The outrage over a senior Indian diplomat's arrest by federal authorities earlier this month is officially at the insane stage. Indian officials and politicians—who are gearing up for elections season next year—are ratcheting up the rhetoric about the United States. Like flag-burning and throwing rocks at a Domino's in Mumbai, as well as this: "Yashwant Sinha, a former BJP foreign minister, has said that India should now arrest the same-sex partners of US diplomats after a court ruling last week that upheld a colonial-era ban on homosexuality."

Devyani Khobragade, a deputy consul at the Indian Consulate in New York City, was charged with visa fraud and falsifying statements in her application for her nanny to come to America. U.S. Attorney Preet Bharaha's office alleged that she claimed she was paying the woman $4,500, but it was actually only $573. Khobragade's arrest, which included a strip-search and cavity-search, have been denounced by Indian officials, who then removed security barriers (to prevent bombings) outside the U.S. Embassy in New Delhi.

Devyani Khobragade (AP)

Secretary of State John Kerry reached out to India's national security adviser to apologize, which confused the NY Times. A Times editorial supported Khobragade's arrest, "It is not unusual in India for domestic employees to be paid poorly and required to work more than 60 hours a week. But such practices are not allowed under American law, and abuses by anyone should not be tolerated, regardless of their status... All diplomats, including Ms. Khobragade, presumably are made aware of their legal obligations and American procedures before accepting an assignment in the United States."

As deputy consul, Khobragade only has limited diplomatic immunity, which didn't protect her from these charges. So India has transferred its mission to the U.N., which has full diplomatic immunity. Still, a State Department spokesperson emphasized, "Receiving diplomatic immunity does not nullify any previously existing criminal charges. Those remain on the books. Nor does obtaining diplomatic immunity protect the diplomat from prosecution indefinitely. It relates to the status of a diplomat's current status for the length of the time of that status."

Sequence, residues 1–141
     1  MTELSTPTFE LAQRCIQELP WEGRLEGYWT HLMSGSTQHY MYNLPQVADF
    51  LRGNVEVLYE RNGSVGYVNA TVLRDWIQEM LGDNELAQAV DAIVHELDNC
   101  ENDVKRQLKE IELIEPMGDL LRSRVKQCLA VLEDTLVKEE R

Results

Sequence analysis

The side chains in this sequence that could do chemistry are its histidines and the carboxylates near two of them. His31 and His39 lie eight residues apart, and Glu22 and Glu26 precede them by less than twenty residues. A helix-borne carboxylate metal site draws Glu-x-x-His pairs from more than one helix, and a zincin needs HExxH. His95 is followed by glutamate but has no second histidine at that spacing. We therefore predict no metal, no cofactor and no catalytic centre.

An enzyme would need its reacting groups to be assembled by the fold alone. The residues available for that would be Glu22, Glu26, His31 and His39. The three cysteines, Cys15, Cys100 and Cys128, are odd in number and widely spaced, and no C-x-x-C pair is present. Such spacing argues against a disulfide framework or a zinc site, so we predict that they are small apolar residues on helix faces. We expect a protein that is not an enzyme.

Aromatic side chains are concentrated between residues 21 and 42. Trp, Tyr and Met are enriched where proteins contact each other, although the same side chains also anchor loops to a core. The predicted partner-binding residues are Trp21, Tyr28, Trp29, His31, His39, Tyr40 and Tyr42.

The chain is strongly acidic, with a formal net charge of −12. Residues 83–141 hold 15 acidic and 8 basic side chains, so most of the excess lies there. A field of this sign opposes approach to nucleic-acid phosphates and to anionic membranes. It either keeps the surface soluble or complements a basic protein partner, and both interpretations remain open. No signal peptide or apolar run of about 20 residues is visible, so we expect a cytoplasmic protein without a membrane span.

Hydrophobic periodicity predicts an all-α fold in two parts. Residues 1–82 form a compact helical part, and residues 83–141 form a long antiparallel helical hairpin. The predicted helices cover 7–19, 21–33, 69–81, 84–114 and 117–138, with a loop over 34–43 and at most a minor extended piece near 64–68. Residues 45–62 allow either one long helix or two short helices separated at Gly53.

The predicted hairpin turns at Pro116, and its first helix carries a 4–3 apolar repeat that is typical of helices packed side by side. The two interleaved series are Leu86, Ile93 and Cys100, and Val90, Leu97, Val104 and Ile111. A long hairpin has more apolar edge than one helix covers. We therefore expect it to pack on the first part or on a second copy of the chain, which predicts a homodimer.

Khobragade's father, who is also a former civil service officer, claimed that the nanny, Sangeeta Richard, is actually a CIA agent, sent to wreck his daughter's life. Uttar Khobragade said, "Going by the developments that have taken place over the last one year, the government of India feels that it appears to be a conspiracy... We suspect that Sangeeta Richard is an agent of the CIA. We were made scapegoat in the whole case. Devyani is a brave woman and she has been performing all her duties regularly." A spokesperson helping Richard said, "I’m happy to confirm she’s not a CIA agent."

On the other side, the family of domestic worker Richard recounted how she was treated terribly by Khobragade:

“Even though the contract stipulated that Sunday would be an off day, she worked from 6 a.m. to 11 p.m., minus two hours for church . . . She worked from 6 a.m. to 11 p.m. on Saturday, as well,” Philip ­Richard said.

And the housekeeper’s daughter, Jennifer Richard, wrote to US officials last summer that her mom “used to sound unhappy whenever she talked to us on the phone. She asked Devyani to send her back to India, but Devyani refused her request.”

Further, the Richards say that Khobragade's father sent the police to intimidate them into stopping the complaints.

The Times reports, "Washington warned the Indian government of the investigation against Ms. Khobragade in a letter in September. Asked why the Indian government did not withdraw Ms. Khobragade then, [Foreign Minister Salman] Khurshid responded that he 'didn’t expect this could happen... Don’t hold it against us that we have trust and faith in the U.S. government and its liberal credentials."

U.S. Attorney Bharara has defend the charges, and pointed out that Khobragade got special treatment during the arrest (the cavity search is standard). He told the Times, "Is it for U.S. prosecutors to look the other way, ignore the law and the civil rights of victims, or is it the responsibility of the diplomats and consular officers and their government to make sure the law is observed?”